The model is widely known (and depicted) as a learning cycle and Kolb also used its elements to identify 4 learning styles, each corresponding to the spectrum between 2 elements – e.g. The Diverger, who supposedly prefers to learn through concrete experience and reflective observation. In this post I don’t want to address the otherwise relevant epistemological question of a) the probability of (universal) learning styles (incl. the number issue) or b) the question of how the learning process best can be understood (cycle, spiral, steps, continuum etc.). Instead I want to return to the 4 core elements and use them to illustrate and discuss activities in different contexts of the MIL course’s teaching and learning environment.
Active experimentation and concrete experiences were mainly conducted synchronously at the f2f hands-on workshop and in SL. There was a total of 25 teacher initiated in-world activities that included:
- Get-off-to-a-good-start – meetings where I as the main teacher instructed the newcomers in using different features and took them on tours to designated educational locations.
- Building Class – 3 1 ½ hrs. sessions where guest teachers, Dr. Asp & Heidi Ballinger, showed the students the in-world building craft and assisted the students in their own building experiments.
- Didactic Design Discussions – four 2 hrs. sessions, where I lectured on mandatory topics based on the course literature, but also on topics raised by the students in their asynchronous discussions. Due to the use of simultane voice and text communication, these sessions engaged the students more actively, when compared to traditional f2f lectures.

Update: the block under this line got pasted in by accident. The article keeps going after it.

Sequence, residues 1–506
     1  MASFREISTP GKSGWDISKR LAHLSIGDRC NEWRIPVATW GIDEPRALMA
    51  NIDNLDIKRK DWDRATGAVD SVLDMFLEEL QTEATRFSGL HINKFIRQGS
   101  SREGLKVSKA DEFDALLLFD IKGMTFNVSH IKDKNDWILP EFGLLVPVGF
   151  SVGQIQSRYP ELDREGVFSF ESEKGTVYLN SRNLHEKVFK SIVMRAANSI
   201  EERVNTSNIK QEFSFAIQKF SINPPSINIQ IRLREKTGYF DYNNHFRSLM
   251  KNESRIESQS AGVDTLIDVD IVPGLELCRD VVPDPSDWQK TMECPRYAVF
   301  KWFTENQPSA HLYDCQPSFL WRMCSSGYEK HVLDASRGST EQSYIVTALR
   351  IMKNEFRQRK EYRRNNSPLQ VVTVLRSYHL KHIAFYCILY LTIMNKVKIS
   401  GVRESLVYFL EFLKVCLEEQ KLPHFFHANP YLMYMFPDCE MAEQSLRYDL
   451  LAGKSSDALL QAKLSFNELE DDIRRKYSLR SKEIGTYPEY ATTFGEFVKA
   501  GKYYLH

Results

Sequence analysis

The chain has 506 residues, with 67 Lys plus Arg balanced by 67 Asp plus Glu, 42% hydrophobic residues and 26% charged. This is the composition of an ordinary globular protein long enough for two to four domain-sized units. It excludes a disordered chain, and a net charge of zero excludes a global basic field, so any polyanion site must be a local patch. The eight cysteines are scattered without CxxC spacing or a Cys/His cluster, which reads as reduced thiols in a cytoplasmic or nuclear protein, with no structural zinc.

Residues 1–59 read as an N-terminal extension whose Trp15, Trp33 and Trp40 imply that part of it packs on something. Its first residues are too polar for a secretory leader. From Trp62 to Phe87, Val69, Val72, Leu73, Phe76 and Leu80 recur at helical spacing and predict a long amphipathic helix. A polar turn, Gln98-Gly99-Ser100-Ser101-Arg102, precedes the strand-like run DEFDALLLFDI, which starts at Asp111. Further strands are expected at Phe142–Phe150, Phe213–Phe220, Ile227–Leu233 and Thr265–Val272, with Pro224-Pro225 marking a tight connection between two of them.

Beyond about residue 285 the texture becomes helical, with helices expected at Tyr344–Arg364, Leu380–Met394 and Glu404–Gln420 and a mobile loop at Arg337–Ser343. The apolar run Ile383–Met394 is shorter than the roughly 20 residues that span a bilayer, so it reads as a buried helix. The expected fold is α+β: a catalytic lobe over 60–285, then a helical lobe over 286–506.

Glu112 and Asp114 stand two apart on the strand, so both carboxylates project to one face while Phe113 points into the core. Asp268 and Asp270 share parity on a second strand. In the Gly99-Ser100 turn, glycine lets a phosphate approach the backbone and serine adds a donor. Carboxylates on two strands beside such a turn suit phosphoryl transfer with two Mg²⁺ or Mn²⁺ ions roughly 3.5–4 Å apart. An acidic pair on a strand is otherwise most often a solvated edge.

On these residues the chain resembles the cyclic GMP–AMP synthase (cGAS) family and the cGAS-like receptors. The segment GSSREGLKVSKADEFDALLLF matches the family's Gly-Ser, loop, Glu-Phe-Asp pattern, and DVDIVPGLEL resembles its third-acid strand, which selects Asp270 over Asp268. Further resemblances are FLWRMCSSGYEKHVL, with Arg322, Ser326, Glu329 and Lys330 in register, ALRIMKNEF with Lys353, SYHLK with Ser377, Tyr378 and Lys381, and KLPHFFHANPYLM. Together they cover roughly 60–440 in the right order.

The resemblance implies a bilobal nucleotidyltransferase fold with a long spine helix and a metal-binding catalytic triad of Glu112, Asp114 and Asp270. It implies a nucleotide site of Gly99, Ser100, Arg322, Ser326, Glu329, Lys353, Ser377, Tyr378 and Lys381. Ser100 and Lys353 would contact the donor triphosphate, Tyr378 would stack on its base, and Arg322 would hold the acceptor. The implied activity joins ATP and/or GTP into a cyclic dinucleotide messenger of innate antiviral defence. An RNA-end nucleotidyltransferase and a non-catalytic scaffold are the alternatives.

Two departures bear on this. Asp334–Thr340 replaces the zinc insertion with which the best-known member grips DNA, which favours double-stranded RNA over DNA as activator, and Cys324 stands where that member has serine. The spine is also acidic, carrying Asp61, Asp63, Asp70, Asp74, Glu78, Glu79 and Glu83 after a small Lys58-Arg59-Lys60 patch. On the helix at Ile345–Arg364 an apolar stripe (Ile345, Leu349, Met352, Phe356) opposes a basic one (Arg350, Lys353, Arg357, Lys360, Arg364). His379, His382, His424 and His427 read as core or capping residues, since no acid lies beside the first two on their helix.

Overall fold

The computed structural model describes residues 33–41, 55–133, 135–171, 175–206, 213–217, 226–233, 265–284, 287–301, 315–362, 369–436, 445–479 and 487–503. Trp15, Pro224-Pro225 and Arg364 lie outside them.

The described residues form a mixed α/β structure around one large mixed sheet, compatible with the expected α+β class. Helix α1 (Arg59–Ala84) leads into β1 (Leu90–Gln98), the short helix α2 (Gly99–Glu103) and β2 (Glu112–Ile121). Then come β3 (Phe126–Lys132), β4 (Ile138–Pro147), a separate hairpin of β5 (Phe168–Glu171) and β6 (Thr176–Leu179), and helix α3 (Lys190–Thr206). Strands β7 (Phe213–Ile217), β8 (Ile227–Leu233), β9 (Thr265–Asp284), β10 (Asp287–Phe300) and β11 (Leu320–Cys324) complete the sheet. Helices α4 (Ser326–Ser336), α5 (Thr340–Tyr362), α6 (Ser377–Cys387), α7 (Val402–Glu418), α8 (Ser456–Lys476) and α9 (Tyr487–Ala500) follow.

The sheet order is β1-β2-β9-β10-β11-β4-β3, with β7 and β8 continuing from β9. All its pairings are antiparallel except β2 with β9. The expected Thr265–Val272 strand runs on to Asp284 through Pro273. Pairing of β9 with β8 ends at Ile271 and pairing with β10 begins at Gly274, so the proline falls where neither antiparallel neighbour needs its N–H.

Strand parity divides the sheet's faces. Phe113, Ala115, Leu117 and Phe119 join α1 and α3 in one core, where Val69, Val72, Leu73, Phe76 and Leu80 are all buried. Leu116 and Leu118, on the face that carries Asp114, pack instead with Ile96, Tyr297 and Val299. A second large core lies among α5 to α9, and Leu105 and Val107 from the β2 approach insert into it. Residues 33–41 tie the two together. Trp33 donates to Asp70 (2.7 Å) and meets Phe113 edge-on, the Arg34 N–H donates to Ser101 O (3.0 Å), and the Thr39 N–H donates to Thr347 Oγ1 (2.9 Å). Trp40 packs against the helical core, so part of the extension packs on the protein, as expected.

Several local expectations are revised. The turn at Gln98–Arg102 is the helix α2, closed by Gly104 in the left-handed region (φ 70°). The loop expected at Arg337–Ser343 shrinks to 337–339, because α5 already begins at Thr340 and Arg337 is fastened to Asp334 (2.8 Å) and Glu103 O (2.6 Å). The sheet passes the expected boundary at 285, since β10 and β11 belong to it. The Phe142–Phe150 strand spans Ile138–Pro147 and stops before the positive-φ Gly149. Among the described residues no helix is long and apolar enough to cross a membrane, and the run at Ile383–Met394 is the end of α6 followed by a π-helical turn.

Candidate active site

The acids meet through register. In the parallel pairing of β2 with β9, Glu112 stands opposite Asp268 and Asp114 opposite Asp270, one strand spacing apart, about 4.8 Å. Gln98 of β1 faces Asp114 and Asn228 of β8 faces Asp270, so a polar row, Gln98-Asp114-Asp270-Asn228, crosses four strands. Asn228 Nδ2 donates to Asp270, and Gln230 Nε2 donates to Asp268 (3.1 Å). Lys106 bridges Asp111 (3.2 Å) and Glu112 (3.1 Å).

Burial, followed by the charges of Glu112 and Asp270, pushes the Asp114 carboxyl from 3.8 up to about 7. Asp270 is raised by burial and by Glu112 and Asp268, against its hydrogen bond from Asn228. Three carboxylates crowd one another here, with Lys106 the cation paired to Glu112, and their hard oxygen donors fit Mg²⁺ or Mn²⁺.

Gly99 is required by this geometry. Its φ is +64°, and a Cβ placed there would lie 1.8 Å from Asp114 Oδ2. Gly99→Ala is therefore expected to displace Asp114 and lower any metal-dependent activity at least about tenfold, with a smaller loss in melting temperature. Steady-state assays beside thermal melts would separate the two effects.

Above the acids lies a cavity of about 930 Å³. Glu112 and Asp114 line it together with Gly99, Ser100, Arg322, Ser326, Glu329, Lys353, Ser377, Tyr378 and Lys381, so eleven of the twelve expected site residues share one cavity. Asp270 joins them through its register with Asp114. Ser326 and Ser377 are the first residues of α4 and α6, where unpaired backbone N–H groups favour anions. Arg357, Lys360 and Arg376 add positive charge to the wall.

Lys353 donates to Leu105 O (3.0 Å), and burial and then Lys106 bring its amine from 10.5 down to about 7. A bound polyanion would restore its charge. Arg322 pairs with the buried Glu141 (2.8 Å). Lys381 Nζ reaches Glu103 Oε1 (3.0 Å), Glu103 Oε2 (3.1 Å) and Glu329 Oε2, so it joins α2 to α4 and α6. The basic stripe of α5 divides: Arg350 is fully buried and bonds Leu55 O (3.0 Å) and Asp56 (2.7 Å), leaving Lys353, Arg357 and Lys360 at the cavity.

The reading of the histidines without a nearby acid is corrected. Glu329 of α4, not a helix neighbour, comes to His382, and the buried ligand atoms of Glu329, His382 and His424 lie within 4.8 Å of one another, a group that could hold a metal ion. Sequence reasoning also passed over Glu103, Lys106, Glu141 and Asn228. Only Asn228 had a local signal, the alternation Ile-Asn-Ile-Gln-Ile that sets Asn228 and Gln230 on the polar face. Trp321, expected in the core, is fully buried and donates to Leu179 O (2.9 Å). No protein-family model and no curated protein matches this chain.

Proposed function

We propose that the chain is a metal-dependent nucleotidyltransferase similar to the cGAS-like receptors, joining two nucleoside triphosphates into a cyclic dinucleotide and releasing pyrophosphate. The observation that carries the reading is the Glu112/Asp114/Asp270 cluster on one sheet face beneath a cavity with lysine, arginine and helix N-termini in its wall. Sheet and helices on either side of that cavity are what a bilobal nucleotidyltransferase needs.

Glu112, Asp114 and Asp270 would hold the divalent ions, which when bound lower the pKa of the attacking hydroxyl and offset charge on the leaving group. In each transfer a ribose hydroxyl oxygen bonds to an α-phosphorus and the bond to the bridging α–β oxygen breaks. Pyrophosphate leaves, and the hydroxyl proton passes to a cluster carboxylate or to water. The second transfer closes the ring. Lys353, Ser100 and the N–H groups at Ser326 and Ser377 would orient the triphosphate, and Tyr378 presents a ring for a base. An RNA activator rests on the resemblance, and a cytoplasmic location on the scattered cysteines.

- Visits – typically 1-2 hrs. sessions where the students and I visited both Danish and International colleagues involved in either in-world education and/or business.
- Your Tour – 2 1 ½ hrs. sessions where 2 students showed the rest of us two locations of choice (one location of professional interest build by others, one location of professional interest build by the student’s employer).
- X-Mas celebration – the last in-world meeting with focus on social activity. The students had asynchronously rewritten a well known Christmas song, so that it fit the class’ experiences from the course.
- Friday Bar – a phenomenon well known from Danish on-campus life. In-world located as part of MIL’s Holodeck classroom. None of the students showed up for these events.
Reflective observation and abstract conceptualization were mainly conducted asynchronously in SL, FC and by the use of different web 2.0 technologies. In-world note cards and pictures were stored and utilized to support the students’ reflections that were expressed in the FC discussions. These reflections were also supported by course literature, and additional information found on the Internet.